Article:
The Christmas tree is the first item of great interest on your cat’s Santa list. Many cats find it irresistibly tempting to climb. First, make sure your tree is in a sturdy stand. Test it to make sure it’s tip-proof. Or put a hook in the ceiling and tie the tree to it (nylon fishing line works well and is nearly invisible) to be absolutely sure. Read “A Cat-Proof Christmas Tree: It Is Possible” for more ideas.
Keep glass ornaments to a minimum (if you must use them at all), and place them higher on the tree, with unbreakable ornaments lower down. Round ornaments may tempt a dog who likes balls. A broken glass ornament is a minefield for tender kitty paws. If a pet eats all or part of a glass ornament, immediately feed bread soaked in milk or cream; the soft mushy texture will gather up all the sharp pieces and safely expel them.
Most tree stands have a water container—this is another hazard. Aromatic compounds from the tree itself and the preservatives often added to the water are highly toxic to pets. Make absolutley sure the container is wrapped and taped or otherwise made 100% inaccessible to your four-footed friends, who will often try to drink from this novel water source.
Christmas lights and wires on the tree and around the home are an invitation to chew for both cats and dogs. For wires that are easily accessible to curious teeth (especially young animals), run them through inexpensive foam pipe insulators that you can find at any home improvement or hardware store.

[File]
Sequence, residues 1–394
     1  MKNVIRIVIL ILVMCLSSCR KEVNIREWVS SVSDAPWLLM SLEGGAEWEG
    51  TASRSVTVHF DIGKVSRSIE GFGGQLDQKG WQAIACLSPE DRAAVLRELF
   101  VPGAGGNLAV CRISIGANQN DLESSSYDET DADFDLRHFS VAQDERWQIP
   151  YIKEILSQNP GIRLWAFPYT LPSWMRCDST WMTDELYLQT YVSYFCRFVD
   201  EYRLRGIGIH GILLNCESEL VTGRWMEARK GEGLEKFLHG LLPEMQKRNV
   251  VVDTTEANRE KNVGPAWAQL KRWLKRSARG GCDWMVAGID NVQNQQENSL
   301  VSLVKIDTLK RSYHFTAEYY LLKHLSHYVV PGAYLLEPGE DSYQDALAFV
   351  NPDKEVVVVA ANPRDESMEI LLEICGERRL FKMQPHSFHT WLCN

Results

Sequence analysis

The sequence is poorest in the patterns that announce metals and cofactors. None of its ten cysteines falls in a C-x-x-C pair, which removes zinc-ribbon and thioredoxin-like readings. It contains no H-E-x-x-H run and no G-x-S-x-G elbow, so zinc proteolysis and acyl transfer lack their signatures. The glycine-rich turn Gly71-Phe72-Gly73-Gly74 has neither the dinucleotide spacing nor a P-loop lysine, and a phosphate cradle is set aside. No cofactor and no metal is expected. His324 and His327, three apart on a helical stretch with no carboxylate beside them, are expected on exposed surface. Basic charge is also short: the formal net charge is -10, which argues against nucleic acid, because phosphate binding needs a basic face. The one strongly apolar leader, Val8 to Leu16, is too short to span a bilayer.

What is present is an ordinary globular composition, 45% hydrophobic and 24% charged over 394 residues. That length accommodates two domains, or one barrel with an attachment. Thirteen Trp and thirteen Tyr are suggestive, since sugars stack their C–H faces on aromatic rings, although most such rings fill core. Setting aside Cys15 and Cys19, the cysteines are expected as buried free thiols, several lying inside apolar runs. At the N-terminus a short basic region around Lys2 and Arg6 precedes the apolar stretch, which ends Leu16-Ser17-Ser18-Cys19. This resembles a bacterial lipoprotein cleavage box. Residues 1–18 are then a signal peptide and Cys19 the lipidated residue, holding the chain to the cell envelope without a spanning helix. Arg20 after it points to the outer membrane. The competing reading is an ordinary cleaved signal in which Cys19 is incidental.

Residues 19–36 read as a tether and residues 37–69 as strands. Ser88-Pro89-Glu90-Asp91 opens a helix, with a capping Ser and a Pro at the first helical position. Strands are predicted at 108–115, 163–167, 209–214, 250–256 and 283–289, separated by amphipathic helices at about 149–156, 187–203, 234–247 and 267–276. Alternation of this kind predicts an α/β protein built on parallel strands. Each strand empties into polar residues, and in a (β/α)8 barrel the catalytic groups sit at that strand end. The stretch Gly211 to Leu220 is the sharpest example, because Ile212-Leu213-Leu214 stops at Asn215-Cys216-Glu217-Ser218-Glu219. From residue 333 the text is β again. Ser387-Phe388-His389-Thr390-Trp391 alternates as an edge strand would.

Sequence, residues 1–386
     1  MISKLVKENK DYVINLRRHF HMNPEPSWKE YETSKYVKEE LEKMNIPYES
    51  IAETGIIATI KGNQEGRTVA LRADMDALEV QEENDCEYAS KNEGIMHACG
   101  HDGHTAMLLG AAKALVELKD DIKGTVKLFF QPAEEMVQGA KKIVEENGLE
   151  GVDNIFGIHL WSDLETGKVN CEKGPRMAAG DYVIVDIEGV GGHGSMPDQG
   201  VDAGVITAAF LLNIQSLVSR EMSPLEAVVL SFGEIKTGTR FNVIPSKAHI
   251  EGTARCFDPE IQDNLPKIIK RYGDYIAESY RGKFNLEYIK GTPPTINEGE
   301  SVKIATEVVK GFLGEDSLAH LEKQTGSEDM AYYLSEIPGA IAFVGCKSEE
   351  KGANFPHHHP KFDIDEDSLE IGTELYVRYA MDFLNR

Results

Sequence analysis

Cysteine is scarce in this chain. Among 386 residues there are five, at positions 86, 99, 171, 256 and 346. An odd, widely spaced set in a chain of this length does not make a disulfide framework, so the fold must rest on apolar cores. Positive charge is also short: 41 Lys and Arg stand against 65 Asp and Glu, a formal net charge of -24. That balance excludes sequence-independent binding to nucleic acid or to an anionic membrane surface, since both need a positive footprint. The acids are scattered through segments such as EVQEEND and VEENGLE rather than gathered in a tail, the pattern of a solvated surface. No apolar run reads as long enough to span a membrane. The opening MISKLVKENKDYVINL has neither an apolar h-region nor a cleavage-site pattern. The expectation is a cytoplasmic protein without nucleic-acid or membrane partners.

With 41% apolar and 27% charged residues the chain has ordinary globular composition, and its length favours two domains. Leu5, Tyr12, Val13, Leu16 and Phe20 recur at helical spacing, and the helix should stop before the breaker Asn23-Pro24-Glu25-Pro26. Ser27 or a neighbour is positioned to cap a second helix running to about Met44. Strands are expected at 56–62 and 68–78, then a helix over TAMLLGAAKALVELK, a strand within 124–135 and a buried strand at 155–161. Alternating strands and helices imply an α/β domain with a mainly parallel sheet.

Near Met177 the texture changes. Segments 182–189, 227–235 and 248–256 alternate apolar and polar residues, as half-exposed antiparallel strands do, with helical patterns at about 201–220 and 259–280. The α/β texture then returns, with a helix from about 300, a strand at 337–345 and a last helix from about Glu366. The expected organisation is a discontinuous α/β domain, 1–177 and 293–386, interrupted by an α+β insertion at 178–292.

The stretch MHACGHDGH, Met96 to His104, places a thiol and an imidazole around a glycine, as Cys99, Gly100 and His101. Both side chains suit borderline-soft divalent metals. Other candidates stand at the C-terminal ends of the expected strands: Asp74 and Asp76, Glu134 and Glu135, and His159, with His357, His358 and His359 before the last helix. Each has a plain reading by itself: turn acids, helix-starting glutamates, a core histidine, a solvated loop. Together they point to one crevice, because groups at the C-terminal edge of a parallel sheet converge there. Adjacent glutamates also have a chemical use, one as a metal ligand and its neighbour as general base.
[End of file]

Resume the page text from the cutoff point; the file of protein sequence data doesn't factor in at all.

Metal tinsel is rare these days, but mylar can also pose a swallowing hazard. Its sharp edges can cause serious damage to a pet’s intestines. Consider a beaded garland instead.
When unwrapping presents, make sure all ribbon and string is rounded up and safely disposed.
Parties and visitors increase the risk of a cat slipping out through an open door; make sure all your pets are microchipped and wearing collars and ID tags. It’s wise to provide a “base camp” for your cat that includes food, water, bed, scratching post, and litterbox, in a room that’s less likely to be disturbed. No decorations in that room, please, especially not lit candles! (Of course, unattended burning candles are a serious hazard any time of year!)
Please, take it easy on the treats. Too many fatty treats like turkey skin or ham can cause serious tummy upset; in dogs especially, but in cats as well, these can trigger life-threatening pancreatitis.
Ask dinner guests to refrain from feeding “under the table”—or even better, keep pets safely confined during the festivities. Chocolate, onions, grapes, and currants can cause serious harm to both dogs and cats.
Lastly, pets are not appropriate gifts. It’s too stressful for the pets, and a live gift may not be 100% welcome at this busiest time of the year. Read more here!
A little extra care and attention will make this holiday season a safe and happy one for the whole family!